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Men heed the call of beauty

Men heed the call of beauty

Men heed the call of beauty

In South Korea, they call the look “chok chok” radiance, meaning dewy glow. Traditionally a feminine quality, this look is now being adopted by South Korean men as they emulate their idols, notably K-Pop stars and actors. The look is so popular that, foresight Research estimates, the country’s men use an average of 13 beauty products a month.

Where South Korea leads, the rest of the world is starting to follow. This year alone, L’Oréal has launched a men’s grooming range with David Beckham, while Chanel has launched Boy De Chanel, its first make-up range for men, in South Korea with a global roll-out to follow shortly. In China, hundreds of young male vloggers share beauty tips online.

Chanel’s slogan – “Beauty is not a matter of gender, it’s a matter of style” – sums up a change in the cultural zeitgeist which, Euromonitor forecasts, will drive global sales of men’s toiletries, shaving products and fragrances to more than US$60bn by 2020.

In some ways, the boom is not as new as it appears. In the 1970s, keen to sell what is essentially a perfume to men, the industry embraced the term ‘aftershave’. In the UK, Brut gave the game away with an advertising campaign starring sporting heroes that encouraged men to “splash it all over”. Nivea For Men, launched in 1986, was a harbinger of change to come and the brand’s parent company, Beiersdorf, launched a website for men’s grooming products last year.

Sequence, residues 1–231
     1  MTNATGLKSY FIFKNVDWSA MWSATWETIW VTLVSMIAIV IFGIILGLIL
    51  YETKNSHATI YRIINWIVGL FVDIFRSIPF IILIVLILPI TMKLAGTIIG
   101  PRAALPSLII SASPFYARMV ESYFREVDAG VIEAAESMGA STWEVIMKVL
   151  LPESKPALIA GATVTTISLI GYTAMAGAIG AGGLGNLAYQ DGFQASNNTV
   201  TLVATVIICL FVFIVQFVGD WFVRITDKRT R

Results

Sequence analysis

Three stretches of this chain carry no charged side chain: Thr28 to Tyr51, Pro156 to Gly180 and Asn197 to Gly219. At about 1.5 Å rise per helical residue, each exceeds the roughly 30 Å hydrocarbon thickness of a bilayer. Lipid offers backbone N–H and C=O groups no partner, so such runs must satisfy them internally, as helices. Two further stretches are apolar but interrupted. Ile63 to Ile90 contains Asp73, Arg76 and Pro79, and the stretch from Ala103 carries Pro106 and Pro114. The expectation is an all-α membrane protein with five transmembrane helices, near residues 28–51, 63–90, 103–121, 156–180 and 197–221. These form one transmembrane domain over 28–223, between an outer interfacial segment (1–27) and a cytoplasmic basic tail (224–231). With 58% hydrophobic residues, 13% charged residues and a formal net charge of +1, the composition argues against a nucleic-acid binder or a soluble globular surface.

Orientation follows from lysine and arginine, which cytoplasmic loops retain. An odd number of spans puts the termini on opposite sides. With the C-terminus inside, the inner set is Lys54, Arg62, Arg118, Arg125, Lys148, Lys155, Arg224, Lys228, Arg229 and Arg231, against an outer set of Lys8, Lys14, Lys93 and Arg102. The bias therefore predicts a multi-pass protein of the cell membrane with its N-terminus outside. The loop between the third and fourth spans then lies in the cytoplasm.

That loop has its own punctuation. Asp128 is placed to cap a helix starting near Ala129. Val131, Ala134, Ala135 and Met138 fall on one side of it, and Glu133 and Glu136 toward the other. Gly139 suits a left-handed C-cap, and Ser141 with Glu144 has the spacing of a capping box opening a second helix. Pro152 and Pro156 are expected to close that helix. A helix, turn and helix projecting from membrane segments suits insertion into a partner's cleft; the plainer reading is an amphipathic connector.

Yet the revolution now seems to be gathering momentum. As reported in Bloomberg Businessweek, Beckham said: “The majority of guys I know do look after themselves.” Social media has encouraged this new attitude, especially among Generation Z. In the US, start-ups in skincare, antiperspirants and hair dye, backed by hundreds of millions of dollars in venture capital, are eschewing macho marketing for more gender neutral adverts and packaging.

The established players will need to move quickly - and wisely - if they are to compete ith a new wave of start-ups.

In South Korea, looking good is an economic imperative – employers expect job applications to be accompanied by a photograph. The perceived need to emulate celebrities’ smooth complexions has sent sales of face cream soaring.

“In consumer and retail in the west, where many sectors are growing slowly – if at all – men’s grooming products is a significant opportunity for manufacturers and retailers,” says Anson Bailey, Head of Consumer & Retail, ASPAC, KPMG China. “Yet the established players will need to move quickly – and wisely – if they are to compete with a new wave of start-ups, inspired by Dollar Shave Club.”

Looking good

  • The growth of men’s toiletries will outpace that of fragrances and shaving products by 2020, according to Euromonitor. It also estimates that 81 percent of men’s grooming products are bought at bricks-and mortar-stores.
  • More than one in three Korean men in their twenties use moisturizer, according to Coresight Research.
  • There are 29 million posts on Instagram with #beard, according to L’Oréal.

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